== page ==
The MTUC, among others is calling for a more “realistic” measurement of inflation (excerpt):
PETALING JAYA: The working class is not able to cope with the rising cost of living because the percentage of wage increase is based on an unrealistic Consumer Price Index (CPI).
Malaysian Trade Union Congress (MTUC) secretary-general G. Rajasekaran said most employers kept wage increases to a minimum 3% based on the unrealistic CPI figure furnished by the authorities.
“If this trend continues how can Malaysia achieve a high income nation status (by increasing per capita income from RM23,100 to RM45,500) within a decade?’’ he asked.
Rajasekaran said this in response to public complaints over the rising cost of goods and essential items.
The Statistics Department announced last month that the CPI had increased from 111.5 to 113.2.
Rajasekaran said the CPI figure given by the authorities did not reflect the actual situation on the ground, adding that information should not be suppressed because the Government needed realistic data when formulating policies.
“It is high time the Government commissioned an independent body to gauge the CPI. They must be truthful. They must capture the actual rise in cost of living,’’ he added.
Rajasekaran also said it would be a “living hell” if the Government revoked subsidies without putting in place a proper social security net.
Advanced countries like United States still provided subsidies to farmers to keep the price of produce low.
“Advanced countries also have social security scheme in aid of unemployed folk. We do not have such scheme,’’ he said.
Rajasekaran also said most people resorted to taking loans from Ah Long to make ends meet, adding that it was a risk they were forced to take because times were tough.
There’s no doubt that many have felt the pinch of rising prices over the last decade, as higher fuel and food prices have effectively reduced take-home pay. But saying that the CPI is “unrealistic” means that many don’t understand how and why the CPI is constructed, nor do they understand what inflation actually is and how it relates to income.
The problem as I see it has a number of dimensions, the first being that the Consumer Price Index, like all price indices, is a composite number. You are trying to convey in one metric the level of prices across a whole range of very different goods and services, across the whole country. Just by looking at that construction, you can see how people’s experience of inflation can differ against its composite measurement – someone in KL would have a very different view of how prices are moving, then someone in Pekan or Kluang for instance.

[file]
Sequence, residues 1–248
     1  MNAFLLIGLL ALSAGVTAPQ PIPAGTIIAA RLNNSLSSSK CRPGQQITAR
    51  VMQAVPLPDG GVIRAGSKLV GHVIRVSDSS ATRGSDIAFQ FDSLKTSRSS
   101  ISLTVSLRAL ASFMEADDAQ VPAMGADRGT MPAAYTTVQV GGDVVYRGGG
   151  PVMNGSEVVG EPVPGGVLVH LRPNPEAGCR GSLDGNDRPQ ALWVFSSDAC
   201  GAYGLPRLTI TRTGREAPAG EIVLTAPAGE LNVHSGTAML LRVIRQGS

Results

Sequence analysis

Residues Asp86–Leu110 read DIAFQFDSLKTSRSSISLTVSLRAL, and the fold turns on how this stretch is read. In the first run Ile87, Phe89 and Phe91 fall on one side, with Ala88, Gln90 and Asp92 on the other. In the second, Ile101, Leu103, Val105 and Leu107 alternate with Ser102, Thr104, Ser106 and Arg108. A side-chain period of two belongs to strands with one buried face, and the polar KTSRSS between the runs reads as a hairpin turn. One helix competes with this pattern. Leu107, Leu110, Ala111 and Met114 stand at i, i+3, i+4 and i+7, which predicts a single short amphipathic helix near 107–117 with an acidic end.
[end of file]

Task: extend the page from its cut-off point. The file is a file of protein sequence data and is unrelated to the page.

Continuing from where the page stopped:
Also, price increases in one category, can and often are counterbalanced by price decreases in another. That happens even within each category, as price increases in vegetables are somewhat ameliorated by price controls on rice, sugar and other staples.
A further problem is that the weights used in each category of the CPI is based on the expenditure pattern of the average household, and these weights are periodically adjusted based on changes in that pattern. That means if your household expenditure priorities differ substantially from the “average”, you’re going to have a very different viewpoint on inflation. On an empirical note, we probably have here the main reason why there’s so much suspicion over the CPI measurement – most lower income households spend a greater than average portion of their income on food and transportation, which is where most of the price increases over the past five years has come from (click on the pic for a larger version: CPI components, 2005=100):
The result is a rise in the CPI that doesn’t seem to match what people are experiencing on the ground – particularly since people only notice the effect of price increases of some goods, even as prices are falling or are stagnant for other goods.
On that basis, it’s hard to say that the CPI’s measurement of inflation is “unrealistic”. Creating a more “realistic” CPI won’t do anything more than just spending money on something that isn’t actually broken.
The last and most fundamental reason is that many people still don’t understand what inflation actually is. The textbook definition is “a rise in the general level of prices”, which means that one-off price increases don’t actually count much (e.g. if we introduce GST, the petrol price hikes in 2008) as they only induce a one-time increase in the price-level. This has the effect of reducing real incomes, but without increasing the rate of inflation.
So what to do? There’s nothing fundamentally wrong with the CPI as it stands, and the current measurement is appropriate enough for policy purposes, if not for matching wages to cost of living increases.
Rather than revising the CPI entirely, I’d refine it in two ways:
- Publish on a geographical basis. We already do this for Peninsular Malaysia, Sabah, and Sarawak, but we should also have separate CPI measurements for each metropolitan area as well – Klang Valley, Penang, and JB.
- Use alternate weights to model the inflation experience for different income levels. Rural consumption patterns differ from urban (greater weightage on transportation for the latter, for example), and blue-collar workers have different spending priorities than white-collar workers. Using alternate weights can help account for these differences.
There’s no way to perfectly match what people are experiencing on the ground with what the CPI is saying, no matter how you fiddle with it – suiting the CPI to lower income groups’ inflation experience means it will be completely out of whack for everyone else. The refinements suggested here do no more nor less than match best practice elsewhere, and more happily, won’t be that hard to put in place. Price data is already collated geographically, and the household expenditure surveys already capture differences in expenditure patterns between households at different income levels.